This model made it possible to structure existing knowledge of Anopheles vector population dynamics, and highlight crucial elements that are missing.

The data and other information currently available made it possible to build a model that can reproduce diverse patterns found in the field. It incorporates explicit mechanisms and rules that can provide detailed analyses and explanations, and thus is a tool to help the malaria research and intervention community gain a better understanding of vector dynamics.

The model should be greatly improved as more precise data and hypotheses become available and as it is applied in the field.

Authors contributions

  • JMD contributed conceptualisation and design of the model, main literature review and authorship of the paper.

  • CM contributed conceptual and data input, review and comments.

  • GK, BK, JB and JC contributed conceptual input, review and comments.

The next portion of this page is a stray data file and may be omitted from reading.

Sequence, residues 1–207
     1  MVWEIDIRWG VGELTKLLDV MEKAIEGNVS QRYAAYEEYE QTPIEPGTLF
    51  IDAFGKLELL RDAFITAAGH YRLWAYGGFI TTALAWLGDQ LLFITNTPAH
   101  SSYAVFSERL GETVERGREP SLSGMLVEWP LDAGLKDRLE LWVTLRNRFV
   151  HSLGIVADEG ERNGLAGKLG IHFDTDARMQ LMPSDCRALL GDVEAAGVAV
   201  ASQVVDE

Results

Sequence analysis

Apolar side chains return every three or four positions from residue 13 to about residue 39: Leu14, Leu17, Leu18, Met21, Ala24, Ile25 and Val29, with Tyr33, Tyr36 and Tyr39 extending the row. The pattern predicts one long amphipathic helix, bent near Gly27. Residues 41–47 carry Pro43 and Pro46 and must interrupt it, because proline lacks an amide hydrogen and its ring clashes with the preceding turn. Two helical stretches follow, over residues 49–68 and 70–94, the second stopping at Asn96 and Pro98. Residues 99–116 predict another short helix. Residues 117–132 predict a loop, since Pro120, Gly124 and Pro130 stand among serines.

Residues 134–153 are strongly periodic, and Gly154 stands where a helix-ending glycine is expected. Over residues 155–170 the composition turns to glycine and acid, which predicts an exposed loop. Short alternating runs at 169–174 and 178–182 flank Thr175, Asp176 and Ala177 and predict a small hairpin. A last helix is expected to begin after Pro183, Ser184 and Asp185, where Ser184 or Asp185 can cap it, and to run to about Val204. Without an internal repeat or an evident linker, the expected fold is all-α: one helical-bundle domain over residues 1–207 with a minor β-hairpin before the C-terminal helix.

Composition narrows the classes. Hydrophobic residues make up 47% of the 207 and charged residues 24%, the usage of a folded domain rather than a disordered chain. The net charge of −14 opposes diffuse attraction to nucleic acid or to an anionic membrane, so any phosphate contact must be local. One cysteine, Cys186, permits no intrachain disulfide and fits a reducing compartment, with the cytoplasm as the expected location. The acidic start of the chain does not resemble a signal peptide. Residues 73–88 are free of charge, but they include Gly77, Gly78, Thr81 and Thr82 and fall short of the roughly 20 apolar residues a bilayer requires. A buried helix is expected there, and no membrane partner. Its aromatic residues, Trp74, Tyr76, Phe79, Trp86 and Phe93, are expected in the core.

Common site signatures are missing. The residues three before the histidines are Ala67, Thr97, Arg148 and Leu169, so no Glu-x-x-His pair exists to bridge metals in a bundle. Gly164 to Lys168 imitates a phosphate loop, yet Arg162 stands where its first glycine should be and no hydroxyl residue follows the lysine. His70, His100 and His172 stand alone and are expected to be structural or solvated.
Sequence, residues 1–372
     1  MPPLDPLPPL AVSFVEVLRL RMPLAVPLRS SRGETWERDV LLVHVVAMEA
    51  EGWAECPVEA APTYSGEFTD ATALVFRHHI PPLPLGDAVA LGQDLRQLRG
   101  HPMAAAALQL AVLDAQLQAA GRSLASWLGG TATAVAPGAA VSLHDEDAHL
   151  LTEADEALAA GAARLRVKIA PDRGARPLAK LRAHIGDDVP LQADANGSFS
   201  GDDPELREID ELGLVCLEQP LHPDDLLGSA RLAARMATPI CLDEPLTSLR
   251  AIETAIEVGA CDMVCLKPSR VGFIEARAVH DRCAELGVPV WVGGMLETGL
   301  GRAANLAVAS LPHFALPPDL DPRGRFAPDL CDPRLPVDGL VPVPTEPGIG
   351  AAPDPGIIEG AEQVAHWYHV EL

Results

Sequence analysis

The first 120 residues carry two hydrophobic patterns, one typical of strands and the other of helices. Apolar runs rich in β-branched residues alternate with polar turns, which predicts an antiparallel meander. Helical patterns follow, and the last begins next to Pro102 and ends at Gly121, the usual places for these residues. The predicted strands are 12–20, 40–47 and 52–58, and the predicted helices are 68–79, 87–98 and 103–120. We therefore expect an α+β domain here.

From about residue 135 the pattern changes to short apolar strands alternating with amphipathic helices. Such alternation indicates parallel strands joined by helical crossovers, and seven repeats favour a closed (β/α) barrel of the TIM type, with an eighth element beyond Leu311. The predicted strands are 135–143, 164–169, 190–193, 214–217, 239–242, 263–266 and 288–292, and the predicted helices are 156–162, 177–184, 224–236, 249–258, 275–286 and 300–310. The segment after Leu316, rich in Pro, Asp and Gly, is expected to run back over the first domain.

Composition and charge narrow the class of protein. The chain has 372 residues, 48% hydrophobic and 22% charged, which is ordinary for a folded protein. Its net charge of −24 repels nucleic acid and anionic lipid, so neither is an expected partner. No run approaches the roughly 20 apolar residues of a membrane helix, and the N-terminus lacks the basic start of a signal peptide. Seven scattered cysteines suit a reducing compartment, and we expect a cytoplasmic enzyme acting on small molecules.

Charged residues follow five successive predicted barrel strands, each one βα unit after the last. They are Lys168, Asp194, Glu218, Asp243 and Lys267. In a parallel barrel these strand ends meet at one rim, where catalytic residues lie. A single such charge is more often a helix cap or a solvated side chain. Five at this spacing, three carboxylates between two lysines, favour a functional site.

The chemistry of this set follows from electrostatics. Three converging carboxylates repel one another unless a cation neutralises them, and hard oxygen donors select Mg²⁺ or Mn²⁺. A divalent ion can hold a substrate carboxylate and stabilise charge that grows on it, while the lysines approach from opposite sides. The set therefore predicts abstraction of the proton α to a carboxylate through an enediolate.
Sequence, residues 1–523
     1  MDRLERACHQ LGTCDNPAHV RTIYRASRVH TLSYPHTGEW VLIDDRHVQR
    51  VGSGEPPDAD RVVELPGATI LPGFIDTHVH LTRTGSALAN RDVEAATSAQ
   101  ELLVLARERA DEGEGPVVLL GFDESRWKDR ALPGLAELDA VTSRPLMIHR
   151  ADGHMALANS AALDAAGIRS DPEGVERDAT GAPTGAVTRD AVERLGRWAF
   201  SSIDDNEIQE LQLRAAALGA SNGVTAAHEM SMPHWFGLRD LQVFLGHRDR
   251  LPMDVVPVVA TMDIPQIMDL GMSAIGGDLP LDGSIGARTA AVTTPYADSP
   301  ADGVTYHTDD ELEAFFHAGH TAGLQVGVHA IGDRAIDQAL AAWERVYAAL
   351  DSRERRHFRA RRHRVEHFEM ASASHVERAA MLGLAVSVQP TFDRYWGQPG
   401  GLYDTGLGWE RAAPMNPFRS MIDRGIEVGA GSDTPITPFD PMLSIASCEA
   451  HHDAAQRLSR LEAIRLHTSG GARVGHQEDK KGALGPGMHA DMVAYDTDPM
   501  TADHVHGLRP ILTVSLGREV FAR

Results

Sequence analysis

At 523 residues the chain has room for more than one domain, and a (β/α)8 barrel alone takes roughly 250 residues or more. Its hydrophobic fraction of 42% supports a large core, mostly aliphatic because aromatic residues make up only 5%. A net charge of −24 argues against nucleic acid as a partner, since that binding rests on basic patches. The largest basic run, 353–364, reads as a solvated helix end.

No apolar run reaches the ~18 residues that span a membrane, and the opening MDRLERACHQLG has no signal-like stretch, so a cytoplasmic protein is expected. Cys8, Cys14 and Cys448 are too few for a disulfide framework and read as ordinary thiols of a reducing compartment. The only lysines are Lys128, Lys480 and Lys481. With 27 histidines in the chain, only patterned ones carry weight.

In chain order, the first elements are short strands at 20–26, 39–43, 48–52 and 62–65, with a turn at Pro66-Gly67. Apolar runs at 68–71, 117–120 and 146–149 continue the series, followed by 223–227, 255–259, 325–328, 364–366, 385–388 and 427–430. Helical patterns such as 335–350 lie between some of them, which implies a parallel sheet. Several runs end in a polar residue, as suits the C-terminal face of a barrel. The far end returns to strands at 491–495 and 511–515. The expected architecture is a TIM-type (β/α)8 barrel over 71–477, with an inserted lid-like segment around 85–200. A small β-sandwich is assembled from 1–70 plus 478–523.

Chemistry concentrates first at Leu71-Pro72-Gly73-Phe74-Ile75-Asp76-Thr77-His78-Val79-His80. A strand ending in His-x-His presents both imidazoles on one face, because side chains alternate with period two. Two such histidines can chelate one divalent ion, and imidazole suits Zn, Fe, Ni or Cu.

• JD, PB, HM, JG and AT contributed review and comments.

  • FEM contributed the initial concept and general supervision.

All authors read and approved the manuscript.


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We wish to thank Lizette Koekemoer of the South African Institute of Medical Research for a advice and provision of unpublished data.

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Correspondence to Jean-Marc O Depinay.

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Depinay, JM.O., Mbogo, C.M., Killeen, G. et al. A simulation model of African Anopheles ecology and population dynamics for the analysis of malaria transmission. Malar J 3, 29 (2004).